Although it may resemble the Kona petrol-engined cars more or less, the appeal of the Electric variant lies in the fact that it is well-known on the inside as well as the outside to those who have not yet made the move from more conventional models.
A blanked-off grille with an integrated charging port flap, distinctive alloy wheels, and the apparent lack of an exhaust pipe are among stylistic cues that make it stand out. However, many people won’t immediately recognize that this Kona is an EV.
With only minimal modifications, the 2022 Kona Electric is carried over to the 2023 model year. The SE trim replaces the SEL Convenience Package model and the SEL trim replaces what was once known as the SEL trim. The Limited is still the top of the line. Along with a rear USB port, automatic up-down power front windows, heated front seats with eight-way power adjustment, and lumbar support for the driver, these features become standard. Instead of simply the Limited model, the 10.3-inch display with integrated navigation is now standard on both SEL and Limited variants.
Price for the Hyundai Kona Electric ranges from $37,495 USD to $38,495 USD (Avg. ex-showroom). There are two variations of Kona Electric. The electric Kona Electric base model costs $37,495 USD.In contrast, the automated version from Kona Electric starts at $37,495 USD.
Much like its gas-powered sibling, the Kona Electric’s cabin is composed of high-quality materials, is cosy, and is packed with conveniences. Even by subcompact-crossover standards, the rear seat and baggage capacity are constrained, but since the Kona was built from the start to accommodate a battery pack, the Electric variant has the same amount of interior space as the conventional model.
The cargo space is identical to that of the standard Kona; we were able to stow five carry-on luggage inside with the back seats up and fifteen when they were folded.
The Hyundai Kona is available in a variety of variants, but our rating of 5 out of 10 only refers to the SE and SEL, the most popular models, because they lack power and have only passable handling and ride. If you choose the Kona N-Line or Limited, you can possibly add another point because of their turbocharged engines.
A 64.0 kWh battery pack powers a 201-hp electric motor that propels the front wheels. The Kona Electric reached 60 mph (ca. 97 kilometers per hour) at our test track in 6.4 seconds, 0.2 seconds faster than the standard Kona. Like the normal Kona, the electric model has brisk handling characteristics that make it enjoyable to scamper down a winding two-lane. Although it doesn’t provide sports-car-level thrills, it is an enjoyable subcompact SUV to drive. Due to the massive battery located in the floor and the accompanying low centre of gravity, it also drives smoothly at highway speeds and feels substantial and grounded.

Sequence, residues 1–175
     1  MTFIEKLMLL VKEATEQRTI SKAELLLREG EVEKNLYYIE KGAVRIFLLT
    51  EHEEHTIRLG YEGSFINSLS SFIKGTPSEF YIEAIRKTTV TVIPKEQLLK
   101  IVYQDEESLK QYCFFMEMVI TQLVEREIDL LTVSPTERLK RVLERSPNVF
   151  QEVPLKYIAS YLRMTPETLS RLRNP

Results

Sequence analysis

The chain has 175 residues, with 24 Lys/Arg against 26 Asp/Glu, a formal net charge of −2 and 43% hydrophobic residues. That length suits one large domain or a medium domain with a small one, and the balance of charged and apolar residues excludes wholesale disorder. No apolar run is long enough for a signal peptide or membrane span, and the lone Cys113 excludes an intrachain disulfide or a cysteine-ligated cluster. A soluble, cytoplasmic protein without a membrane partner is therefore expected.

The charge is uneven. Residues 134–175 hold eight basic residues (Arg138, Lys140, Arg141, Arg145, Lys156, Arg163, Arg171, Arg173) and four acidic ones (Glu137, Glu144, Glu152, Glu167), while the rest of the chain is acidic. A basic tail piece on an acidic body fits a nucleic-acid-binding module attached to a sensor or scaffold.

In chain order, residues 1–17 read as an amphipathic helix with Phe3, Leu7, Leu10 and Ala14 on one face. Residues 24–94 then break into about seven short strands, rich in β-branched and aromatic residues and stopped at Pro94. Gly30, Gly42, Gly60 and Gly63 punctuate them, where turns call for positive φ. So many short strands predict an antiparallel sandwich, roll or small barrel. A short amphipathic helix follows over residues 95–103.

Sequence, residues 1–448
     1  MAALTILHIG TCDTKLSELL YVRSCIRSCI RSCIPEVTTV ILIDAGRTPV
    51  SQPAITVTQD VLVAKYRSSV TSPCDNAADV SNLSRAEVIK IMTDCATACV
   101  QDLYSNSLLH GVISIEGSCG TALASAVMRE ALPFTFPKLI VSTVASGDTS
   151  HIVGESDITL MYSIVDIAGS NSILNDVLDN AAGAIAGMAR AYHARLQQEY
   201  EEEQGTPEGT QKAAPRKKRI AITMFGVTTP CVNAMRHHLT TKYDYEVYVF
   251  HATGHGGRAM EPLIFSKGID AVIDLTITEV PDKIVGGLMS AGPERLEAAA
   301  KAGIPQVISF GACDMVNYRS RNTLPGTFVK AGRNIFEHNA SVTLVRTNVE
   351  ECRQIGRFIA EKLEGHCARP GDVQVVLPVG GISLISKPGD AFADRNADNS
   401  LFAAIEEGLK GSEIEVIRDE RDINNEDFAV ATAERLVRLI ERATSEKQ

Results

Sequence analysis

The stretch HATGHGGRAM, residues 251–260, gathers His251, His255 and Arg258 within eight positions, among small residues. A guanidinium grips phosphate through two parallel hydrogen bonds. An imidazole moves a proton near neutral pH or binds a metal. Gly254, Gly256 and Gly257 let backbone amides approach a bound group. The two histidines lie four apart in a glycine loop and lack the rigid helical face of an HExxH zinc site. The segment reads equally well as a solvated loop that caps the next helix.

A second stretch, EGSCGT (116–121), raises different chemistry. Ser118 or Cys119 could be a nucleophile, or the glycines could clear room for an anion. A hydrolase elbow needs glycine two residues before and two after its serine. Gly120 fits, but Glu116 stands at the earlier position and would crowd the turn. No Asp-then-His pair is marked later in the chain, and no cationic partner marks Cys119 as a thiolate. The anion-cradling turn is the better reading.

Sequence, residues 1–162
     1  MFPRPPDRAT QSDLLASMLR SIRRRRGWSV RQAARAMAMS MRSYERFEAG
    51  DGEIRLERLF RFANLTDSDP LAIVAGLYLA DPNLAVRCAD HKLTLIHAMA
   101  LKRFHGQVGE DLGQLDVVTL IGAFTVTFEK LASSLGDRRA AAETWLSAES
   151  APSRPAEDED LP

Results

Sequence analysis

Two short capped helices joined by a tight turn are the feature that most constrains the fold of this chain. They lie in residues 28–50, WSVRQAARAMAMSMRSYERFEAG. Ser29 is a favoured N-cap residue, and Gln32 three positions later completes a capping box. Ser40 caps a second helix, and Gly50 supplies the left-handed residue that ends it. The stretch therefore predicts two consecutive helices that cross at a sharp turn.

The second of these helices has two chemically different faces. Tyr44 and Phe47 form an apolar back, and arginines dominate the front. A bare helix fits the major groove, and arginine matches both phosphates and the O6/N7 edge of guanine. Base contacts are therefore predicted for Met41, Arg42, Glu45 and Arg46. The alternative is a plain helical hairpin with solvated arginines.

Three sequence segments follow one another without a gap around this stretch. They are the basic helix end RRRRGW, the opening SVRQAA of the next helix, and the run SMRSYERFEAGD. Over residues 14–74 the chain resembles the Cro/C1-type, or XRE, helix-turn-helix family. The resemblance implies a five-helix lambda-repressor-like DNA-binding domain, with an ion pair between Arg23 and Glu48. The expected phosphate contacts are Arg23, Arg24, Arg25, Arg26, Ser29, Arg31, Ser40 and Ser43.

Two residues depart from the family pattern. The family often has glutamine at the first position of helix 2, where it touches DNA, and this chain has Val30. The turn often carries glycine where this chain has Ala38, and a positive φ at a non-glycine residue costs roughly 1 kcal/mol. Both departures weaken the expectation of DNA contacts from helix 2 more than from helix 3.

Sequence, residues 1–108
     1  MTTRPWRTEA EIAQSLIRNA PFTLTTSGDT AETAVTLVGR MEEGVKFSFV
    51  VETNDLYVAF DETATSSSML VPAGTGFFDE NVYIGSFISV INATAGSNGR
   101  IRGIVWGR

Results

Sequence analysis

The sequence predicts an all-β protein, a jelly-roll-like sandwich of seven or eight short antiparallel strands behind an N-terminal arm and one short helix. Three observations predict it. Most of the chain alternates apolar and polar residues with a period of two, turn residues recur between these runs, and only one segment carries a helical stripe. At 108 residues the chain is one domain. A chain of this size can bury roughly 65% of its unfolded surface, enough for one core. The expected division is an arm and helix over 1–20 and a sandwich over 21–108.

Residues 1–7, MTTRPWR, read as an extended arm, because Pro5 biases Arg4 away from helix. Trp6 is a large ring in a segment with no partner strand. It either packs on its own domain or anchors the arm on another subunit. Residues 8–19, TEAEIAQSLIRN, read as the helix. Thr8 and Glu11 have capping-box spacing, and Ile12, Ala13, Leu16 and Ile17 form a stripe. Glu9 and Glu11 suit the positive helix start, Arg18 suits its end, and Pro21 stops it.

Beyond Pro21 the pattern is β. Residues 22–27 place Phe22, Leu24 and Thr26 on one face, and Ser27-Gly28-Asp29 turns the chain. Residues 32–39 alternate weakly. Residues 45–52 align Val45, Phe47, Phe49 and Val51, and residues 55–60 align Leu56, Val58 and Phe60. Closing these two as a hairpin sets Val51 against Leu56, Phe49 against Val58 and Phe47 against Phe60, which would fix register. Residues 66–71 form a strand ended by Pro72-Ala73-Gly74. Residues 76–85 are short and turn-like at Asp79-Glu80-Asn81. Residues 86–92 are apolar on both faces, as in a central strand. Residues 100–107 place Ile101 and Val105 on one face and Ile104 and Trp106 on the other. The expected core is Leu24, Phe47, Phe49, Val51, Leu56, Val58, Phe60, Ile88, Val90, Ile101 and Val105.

Aggressive fuel efficiency, which also benefits the estimated 258-mile driving range—one mile less than the Bolt EV’s—makes one-pedal operation possible. By adjusting the paddles behind the steering wheel, the driver can alter the amount of regen; we choose the one that is the most forceful.
The Kona Electric can be charged at a DC fast-charging station, but a 240-volt outlet is recommended for in-home charging. By adjusting the paddles behind the steering wheel, the driver can alter the amount of regen; we choose the one that is the most aggressive.
The Kona Electric can be charged at a DC fast-charging station, but a 240-volt outlet is recommended for in-home charging. It can be charged on a 110-volt domestic outlet, but we wouldn’t advocate doing it on a regular basis.
The Kona Electric has received a total MPGe rating from the EPA of 120. However, we only managed to get 86 MPGe and 160 miles (ca. 257 kilometers) of range during our actual highway Battery efficiency testing. But in Michigan, where winter lows routinely fall below freezing, this test on a 2019 model was conducted in December. The range of many EVs tends to be greatly reduced in low temperatures. For instance, when we tested a Bolt EV in similarly arctic conditions, it only managed to travel 140 miles (ca. 225 kilometers), significantly less than the 238 miles (ca. 383 kilometers) that the EPA estimates it will be able to do.
With the exception of the base SE models, which have an 8.0-inch touchscreen and an optional 10.3-inch digital gauge display with navigation, all models have touchscreen infotainment systems with Apple CarPlay and Android Auto functionality. The base SE and SEL models come with a six-speaker audio system, but the Limited variant has an eight-speaker Infinity sound system that sounds significantly richer.
With a five-star overall score from the NHTSA and excellent ratings from the IIHS, it’s a safe option. Due to these ratings and outstanding crash-avoidance technology, we have given it an 8 out of 10, but after the IIHS assesses its headlights, it may perform even better.
Help alleviate braking and active lane control are included on all trims, and higher-level trims can add adaptive cruise controller and blind-spot monitors. It’s odd that the Kona N doesn’t have adaptive cruise control.
Although electric cars (EVs) have been around for a while, their increased range and cutting-edge technology have recently helped them acquire appeal. In fact, drivers are now more eager to drive an electric vehicle than a gas-powered one. Before you start looking for the ideal EV, you should be aware that Hyundai EVs are fiercely competing with other cars on the market.